Common prayers and simple phrases help a child turn to God as they grow up.
If we do not know these forms of prayer, we will find ourselves not knowing how to pray. With a head full of worries and no rosary, you really don’t get very far. That’s why it is important to teach our children simple prayers at an early age.
The Our Father: The prayer of prayers
Whatever we say in prayer, it is always a reflection of what is in the Our Father, no matter how specific it may seem to a given circumstance. We will find nothing in the prayers of the saints that is not contained in that prayer and, while we are free to say it in another way, we are not free to change the meaning.
The first prayer that we must teach children is, therefore, the Our Father. Do they understand what they are saying? Certainly not all of it, but very early on they are able to grasp the essential point, namely, that God is their Father. This prayer learned “by heart” will be imprinted in them, in their heart, in their intelligence, in order to nourish their entire spiritual life.
The Hail Mary: The most beautiful prayer addressed to Mary
The Hail Mary recalls the words of the angel Gabriel. Learned since childhood, this prayer remains and will always be the lifeline we hold on to in days of anguish, it is the light that shines when the darkness becomes too dense, it is the rope we hold on to to get us out of the abyss of our sins and the simplest way to express our love.
We should teach children the Hail Mary and get them into the habit of greeting their Mother in this way, of entrusting themselves to Her, of lying down in Her arms to find rest and consolation. Tirelessly repeating the Hail Mary during the Rosary is not at all unreasonable; when one of our children, curled up in our arms, repeats: “Mom, I love you,” it does not seem to us that they’re being unreasonable. When we pray the Rosary it is exactly the same.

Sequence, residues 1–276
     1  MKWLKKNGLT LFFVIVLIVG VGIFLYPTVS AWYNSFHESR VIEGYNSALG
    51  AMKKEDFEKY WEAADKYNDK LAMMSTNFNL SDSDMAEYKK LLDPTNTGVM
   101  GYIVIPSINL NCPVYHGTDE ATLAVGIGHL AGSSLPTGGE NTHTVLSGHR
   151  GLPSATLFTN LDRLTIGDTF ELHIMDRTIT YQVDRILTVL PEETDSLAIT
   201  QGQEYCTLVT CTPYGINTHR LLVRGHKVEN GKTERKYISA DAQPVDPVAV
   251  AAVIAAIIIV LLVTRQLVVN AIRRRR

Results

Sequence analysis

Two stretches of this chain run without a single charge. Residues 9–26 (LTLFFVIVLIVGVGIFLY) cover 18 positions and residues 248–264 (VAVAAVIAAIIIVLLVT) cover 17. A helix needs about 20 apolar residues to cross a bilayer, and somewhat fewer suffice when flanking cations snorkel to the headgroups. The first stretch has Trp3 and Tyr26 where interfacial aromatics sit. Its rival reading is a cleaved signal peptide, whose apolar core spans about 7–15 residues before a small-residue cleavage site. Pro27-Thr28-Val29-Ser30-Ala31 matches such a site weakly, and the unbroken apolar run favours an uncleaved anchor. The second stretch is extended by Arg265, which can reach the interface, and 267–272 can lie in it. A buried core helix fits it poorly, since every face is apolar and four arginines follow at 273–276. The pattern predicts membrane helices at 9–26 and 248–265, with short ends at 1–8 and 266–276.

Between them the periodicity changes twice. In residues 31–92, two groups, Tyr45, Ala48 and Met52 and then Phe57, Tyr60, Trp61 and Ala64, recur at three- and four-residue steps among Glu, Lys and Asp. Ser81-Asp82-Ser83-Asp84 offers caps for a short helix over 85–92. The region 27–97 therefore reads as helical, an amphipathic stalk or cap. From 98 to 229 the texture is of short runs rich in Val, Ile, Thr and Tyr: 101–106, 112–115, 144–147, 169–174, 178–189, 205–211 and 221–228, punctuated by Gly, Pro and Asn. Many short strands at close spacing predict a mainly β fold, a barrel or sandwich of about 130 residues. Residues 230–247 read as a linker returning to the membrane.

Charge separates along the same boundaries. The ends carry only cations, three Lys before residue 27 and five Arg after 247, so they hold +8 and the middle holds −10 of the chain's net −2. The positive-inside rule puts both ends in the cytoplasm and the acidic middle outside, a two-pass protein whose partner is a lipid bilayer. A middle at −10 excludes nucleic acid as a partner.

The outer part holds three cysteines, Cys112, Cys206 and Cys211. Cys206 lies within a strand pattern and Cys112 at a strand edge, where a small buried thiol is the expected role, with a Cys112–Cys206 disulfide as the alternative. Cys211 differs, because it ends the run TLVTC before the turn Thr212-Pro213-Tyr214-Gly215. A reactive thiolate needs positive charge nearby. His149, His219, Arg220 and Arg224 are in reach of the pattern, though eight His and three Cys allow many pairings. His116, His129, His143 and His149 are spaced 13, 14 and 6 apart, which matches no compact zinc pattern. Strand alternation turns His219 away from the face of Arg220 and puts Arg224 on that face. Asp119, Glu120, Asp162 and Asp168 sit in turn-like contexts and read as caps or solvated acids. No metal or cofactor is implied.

Learning a prayer by heart is to learn it with one’s heart
Many other prayers can be learned by heart: the Apostles’ Creed promotes trust in the Holy Trinity, and also clearly sums up the essence of the Church’s faith; the Acts of Faith, Hope and Charity; prayers of penance such as the Act of Contrition, and the Confiteor; psalms and biblical songs (the Magnificat, for example); short formulas such as: “Lord Jesus Christ, Son of God, have mercy on me, a sinner.” All these texts, especially when they are prayers taken from the Word of God, are like a treasure that comes to continuously nourish our prayer.
To learn a prayer by heart is to learn it with your heart: not like a repetitive parrot, but with love and intelligence. Learning a prayer is not like learning a lesson. You learn a prayer by praying it. Children learn by listening to their parents saying the Lord’s Prayer and the Hail Mary every night by their crib, where they will naturally be assimilated. And, one day, without ever having learned them in the school sense of the term, they will know how to pray with those words exactly like they know how to use their mother tongue without having “learned” it.
The mother tongue of prayer is also silence
God, who reveals Himself in words, also speaks to us in the silent language of prayer. And this is both the difficulty and the greatness of prayer: difficulty because it is hard to meet Someone that our senses cannot grasp; greatness because this “Someone” is greater than our words and because He gives us, through silence, the capacity to know the Unknowable. Or rather: to allow ourselves to be seized by Him. Silence, then, is also the “mother tongue of prayer” and like everything else, it is discovered by watching one’s parents, by seeing them standing in silence before God. Teaching silence to a child does not mean saying “Be quiet,” but saying “Listen.” For the words of prayer ultimately have no other purpose than to make us attentive to the One who comes to love us.